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Tesla improves on its ‘million-mile battery’ with less cobalt and higher energy density

Tesla has made even more battery improvements on its new ‘million-mile battery’ now with less cobalt, which could result in lower cost and even more energy density.

Last year, we were the first to report on Tesla’s battery research partner, Jeff Dahn and his team at Dalhousie University, unveiling the impressive results of tests on a new battery cell that could last over 1 million miles in an electric vehicle.

The new battery tested is a Li-ion battery cell with a next-generation “single crystal” NMC 532 cathode and a new advanced electrolyte, which they patented.

They were able to show over 4,000 cycles in the battery cells made with the novel cathode.

Building on the research done on that battery, Dahn and his students Yulong Liu and Jessie Harlow have published a new research paper called ‘Microstructural Observations of “Single Crystal” Positive Electrode Materials Before and After Long Term Cycling by Cross-section Scanning Electron Microscopy’ in the Journal of The Electrochemical Society.

In the paper, they showed how they achieved high cycling data for NMC 622 and NMC 811 batteries while using even less cobalt than in NMC 532 and achieving even greater energy density.

In the paper, the researchers call some of the results of their testing “exceptional” due to the high cyclability while maintaining strong performance.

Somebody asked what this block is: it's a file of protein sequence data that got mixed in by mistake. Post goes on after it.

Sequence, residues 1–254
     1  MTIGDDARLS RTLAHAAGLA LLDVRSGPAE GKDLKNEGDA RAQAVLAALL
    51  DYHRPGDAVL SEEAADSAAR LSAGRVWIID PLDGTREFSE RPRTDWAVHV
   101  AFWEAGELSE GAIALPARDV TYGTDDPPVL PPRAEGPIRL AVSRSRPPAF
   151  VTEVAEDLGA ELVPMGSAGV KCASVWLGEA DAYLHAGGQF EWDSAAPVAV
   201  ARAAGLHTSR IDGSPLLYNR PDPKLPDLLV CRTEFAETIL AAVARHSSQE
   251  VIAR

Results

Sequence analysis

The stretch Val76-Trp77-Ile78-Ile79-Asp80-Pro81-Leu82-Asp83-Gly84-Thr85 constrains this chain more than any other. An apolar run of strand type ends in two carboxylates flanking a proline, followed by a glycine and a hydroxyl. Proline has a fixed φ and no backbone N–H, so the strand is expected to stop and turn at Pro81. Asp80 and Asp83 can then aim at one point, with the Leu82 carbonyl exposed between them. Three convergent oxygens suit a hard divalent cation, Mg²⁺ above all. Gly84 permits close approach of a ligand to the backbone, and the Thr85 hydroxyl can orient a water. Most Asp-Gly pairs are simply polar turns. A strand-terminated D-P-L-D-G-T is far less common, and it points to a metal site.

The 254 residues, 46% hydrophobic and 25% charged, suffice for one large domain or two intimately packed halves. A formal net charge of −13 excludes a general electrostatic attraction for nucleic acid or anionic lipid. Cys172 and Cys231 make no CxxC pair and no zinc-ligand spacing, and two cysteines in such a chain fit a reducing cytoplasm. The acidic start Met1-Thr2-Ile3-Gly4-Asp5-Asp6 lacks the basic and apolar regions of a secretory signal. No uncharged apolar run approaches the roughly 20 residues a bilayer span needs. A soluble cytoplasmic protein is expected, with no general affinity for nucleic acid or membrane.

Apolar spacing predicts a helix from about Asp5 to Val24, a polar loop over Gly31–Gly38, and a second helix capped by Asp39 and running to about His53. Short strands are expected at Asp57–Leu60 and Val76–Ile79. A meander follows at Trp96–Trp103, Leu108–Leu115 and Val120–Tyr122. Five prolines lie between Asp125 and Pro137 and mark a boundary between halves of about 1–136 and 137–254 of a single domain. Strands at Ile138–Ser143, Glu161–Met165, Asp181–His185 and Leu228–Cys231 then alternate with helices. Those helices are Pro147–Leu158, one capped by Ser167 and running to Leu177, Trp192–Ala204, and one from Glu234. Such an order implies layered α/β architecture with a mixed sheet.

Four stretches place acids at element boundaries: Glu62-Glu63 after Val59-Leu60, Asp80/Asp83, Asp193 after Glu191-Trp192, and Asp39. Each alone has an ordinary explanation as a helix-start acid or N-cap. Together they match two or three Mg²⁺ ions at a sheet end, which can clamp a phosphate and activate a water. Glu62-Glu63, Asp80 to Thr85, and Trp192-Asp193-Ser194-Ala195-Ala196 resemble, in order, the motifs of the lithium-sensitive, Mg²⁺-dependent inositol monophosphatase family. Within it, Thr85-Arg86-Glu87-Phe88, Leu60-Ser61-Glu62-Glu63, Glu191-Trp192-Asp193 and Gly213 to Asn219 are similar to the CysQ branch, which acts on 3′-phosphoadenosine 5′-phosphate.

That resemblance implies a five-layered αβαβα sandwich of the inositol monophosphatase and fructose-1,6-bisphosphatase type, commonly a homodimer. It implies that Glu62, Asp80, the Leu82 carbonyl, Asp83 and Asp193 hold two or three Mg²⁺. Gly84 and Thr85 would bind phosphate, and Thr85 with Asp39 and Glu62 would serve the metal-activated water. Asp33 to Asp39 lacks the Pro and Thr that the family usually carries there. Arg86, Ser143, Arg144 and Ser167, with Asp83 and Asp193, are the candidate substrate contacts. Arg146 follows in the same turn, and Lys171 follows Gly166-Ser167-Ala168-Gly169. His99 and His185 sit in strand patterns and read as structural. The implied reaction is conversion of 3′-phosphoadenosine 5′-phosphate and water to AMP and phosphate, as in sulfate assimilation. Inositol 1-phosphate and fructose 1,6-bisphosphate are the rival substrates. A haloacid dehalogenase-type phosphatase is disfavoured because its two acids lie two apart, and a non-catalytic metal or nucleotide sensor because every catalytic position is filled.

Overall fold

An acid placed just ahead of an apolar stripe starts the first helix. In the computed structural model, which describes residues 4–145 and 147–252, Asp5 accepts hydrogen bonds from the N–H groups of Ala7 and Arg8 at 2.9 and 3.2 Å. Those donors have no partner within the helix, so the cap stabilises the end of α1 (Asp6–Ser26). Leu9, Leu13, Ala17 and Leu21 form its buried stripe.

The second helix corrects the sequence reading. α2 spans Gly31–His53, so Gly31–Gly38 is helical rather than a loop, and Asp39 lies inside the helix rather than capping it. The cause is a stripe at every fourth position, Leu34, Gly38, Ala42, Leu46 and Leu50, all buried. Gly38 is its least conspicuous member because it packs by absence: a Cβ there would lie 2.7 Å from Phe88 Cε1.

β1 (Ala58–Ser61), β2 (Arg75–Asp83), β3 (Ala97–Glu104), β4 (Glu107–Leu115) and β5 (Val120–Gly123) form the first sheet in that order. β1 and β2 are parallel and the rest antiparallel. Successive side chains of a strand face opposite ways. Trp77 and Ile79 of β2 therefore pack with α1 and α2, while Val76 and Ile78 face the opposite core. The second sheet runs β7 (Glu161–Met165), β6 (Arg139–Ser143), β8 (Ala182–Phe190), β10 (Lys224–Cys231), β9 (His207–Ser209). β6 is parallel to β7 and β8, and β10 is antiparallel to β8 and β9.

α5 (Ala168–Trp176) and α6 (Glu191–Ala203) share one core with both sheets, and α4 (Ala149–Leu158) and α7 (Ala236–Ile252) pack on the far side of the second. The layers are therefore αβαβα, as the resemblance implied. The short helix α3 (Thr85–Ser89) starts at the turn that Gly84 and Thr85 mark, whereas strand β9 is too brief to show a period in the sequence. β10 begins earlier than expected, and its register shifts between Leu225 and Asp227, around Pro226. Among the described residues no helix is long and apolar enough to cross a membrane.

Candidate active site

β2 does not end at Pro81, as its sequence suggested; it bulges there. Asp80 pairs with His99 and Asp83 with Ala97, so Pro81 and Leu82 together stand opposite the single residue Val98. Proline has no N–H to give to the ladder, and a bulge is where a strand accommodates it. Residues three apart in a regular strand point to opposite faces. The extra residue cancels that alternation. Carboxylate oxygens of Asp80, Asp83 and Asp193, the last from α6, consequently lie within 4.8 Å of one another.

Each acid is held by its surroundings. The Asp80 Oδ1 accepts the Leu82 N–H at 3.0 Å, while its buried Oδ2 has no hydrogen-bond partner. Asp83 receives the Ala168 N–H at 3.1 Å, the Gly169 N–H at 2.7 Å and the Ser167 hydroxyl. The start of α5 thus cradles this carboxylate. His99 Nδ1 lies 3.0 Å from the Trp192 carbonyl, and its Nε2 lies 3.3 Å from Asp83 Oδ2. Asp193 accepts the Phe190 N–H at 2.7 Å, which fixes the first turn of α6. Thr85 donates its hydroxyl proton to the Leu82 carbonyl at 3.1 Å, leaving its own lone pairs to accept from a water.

A source familiar with the matter told Electrek that this new chemistry would be used in Tesla’s stationary energy storage products, like Powerwall, Powerpack, and Megapack, and it could already be in production.

Tesla conducts its own battery cell development and has Panasonic produce the cells with the new chemistry, but we also recently learned that Tesla is moving to produce its own battery cells.

Electrek previously revealed that Tesla is working on an internal secret Roadrunner project.

The goal is for Tesla to produce its own battery cells using technologies developed by Tesla’s internal teams, including work from Dahn’s team, and new technologies recently acquired through the acquisition of Maxwell, on a massive scale and at a cost below $100 per kWh.

Tesla has already tested prototype cells under the Roadrunner secret project. It believes it can produce the cells in volume and use them in its vehicles and eventually in its stationary energy storage products.

The automaker has been developing manufacturing equipment in secrecy, like the pilot production line in Fremont, over the last few months.

We expect Tesla to release more details during its ‘Battery Day’ which is supposed to happen by the end of the month.

Electrek’s Take

This is exciting.

Tesla’s stationary energy storage products are already industry-leading, but if Tesla can improve on longevity while reducing the cost, which is often what happens when you reduce the amount of cobalt in the cell, that will be a big win.

In this paper, Tesla is showing cells with 20% in the cathode, which is about half of what they were previously producing.

I think battery day is looking more interesting by the day.

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